Finally, one day he was screaming at me, and I replied. I told him that it was a waste of time talking to a drunk because he wouldn't understand or remember anything I was saying anyway. He chased after me, stuck his finger in my face, and told me that I "didn't know what drunk was, but I would when he killed me". Now, that makes zero sense, obviously, but in that moment, a switch was flipped. I don't know why it took so long, or how it hadn't happened prior to that, but I decided right then and there, that I was leaving. It was over. It took a few months, I waited on my tax check, and I had another check, hidden in my desk, that I had received for compensation for an injury I had at work the year before, and I made a plan. On February 26th, 2011, I moved out while he was at the firehouse. I sobbed for days, not because I didn't want to leave, but because I was scared, I was relieved, I was tired, and I was letting go of a lot of emotion I had bottled up for eleven years. I filed for divorce a month later. He tormented me, he called, he promised me that he would change, and finally, I ignored his every word. The divorce was final on June 10th, 2011. I took nothing but my personal belongings and my dog. For the record, my dog, Scooby, and I, spent a lot of time hiding out in the bathroom together waiting for the idiot in the other room to pass out, that good boy went through everything with me. In hindsight, I wish I would have drained me ex for every penny he had, which wasn't much, but I didn't, because I just wanted it all to be over.

 About six months before I left, I had a yearly physical with my doctor, and my blood pressure was in the 160's over the low 100's. when my doctor, who was also my soon to be ex-husband's doctor asked why, I told him it was work stress. Although I am not certain he bought that excuse, he went with it, gave me suggestions on how to relieve stress, and put me on BP meds to get that under control, and then Paxil and Xanax for anxiety. It wasn't until just last year that I admitted to my nurse that the reason those meds were in my old charts, was because of what was happening at that time in my life, at home. It had been seven years since I left, and yet as soon as I opened my mouth to tell her the truth, the tears came, and they came uncontrollably. I was so embarrassed, much like I was when I told my dad that I was getting divorced, and why. I was off all meds within a year of leaving that marriage. Weird, huh?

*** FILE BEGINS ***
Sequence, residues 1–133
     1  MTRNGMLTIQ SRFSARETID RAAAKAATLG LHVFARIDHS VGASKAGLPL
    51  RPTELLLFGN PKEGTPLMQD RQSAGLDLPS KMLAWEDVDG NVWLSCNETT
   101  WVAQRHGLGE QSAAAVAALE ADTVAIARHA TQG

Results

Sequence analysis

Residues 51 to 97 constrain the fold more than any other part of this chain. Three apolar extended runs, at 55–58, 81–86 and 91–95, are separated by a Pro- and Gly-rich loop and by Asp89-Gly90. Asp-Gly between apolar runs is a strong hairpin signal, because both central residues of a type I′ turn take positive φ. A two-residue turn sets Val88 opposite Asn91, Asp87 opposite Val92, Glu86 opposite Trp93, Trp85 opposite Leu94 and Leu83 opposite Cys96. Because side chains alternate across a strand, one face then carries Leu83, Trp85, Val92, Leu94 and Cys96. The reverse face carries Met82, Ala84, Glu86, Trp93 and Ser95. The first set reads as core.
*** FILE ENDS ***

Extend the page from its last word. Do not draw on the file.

For a few years after leaving, I struggled with loud noises, I would have an immediate "flight" response if anyone raised their voice around me or joked like they were going to grab me. My anxiety was still pretty intense, and I had no idea what my future looked like. I liked being alone, once I got used to it. I had a boyfriend of the "rebound" variety for a short time, that ended, and I flew solo for a while. Then I met Chance.

How does this have to do with hunting you might ask? Well, let me just tell ya.

After meeting Chance, we started hanging out, then dating, he introduced me to deer hunting. I was still unsure and uneasy most days, but having less anxiety attacks. I was feeling a little more in control of my life, stronger if you will, but not quite ready to take on the world, like I once was. I liked Chance and had a great time with him, so while reluctant at first, I agreed to give the hunting "thing" a whirl. It was then that I realized that this time spent in the woods, no matter how frustrating, or cold, no matter how many failures and disappointments, was the one thing that was going to make me whole again. I had something to focus on. I had something new to learn. I had a challenge. I am competitive to a fault, and I thought that I was going to prove to Chance and everyone else, that I could do this. I went to the woods every single moment I could. I would take days off work, I would leave work early, I would go on the weekends, sit in the evenings, even if it was for thirty minutes, I went. And without really noticing what was happening, I was gaining confidence. It wasn't because I was killing deer, it took a few years before I did that consistently. It was because I was going out there, doing something that not everyone has the will to do, and I was doing it on my own. I was sitting in silence, there was no one belittling me, no one yelling at me, and no one telling me I couldn't do it. I was finding peace, doing something I never would have imagined doing, in my lifetime. I wasn't proving to Chance I could do this, or anyone else for that matter, I was proving it to myself. That mattered more than anything.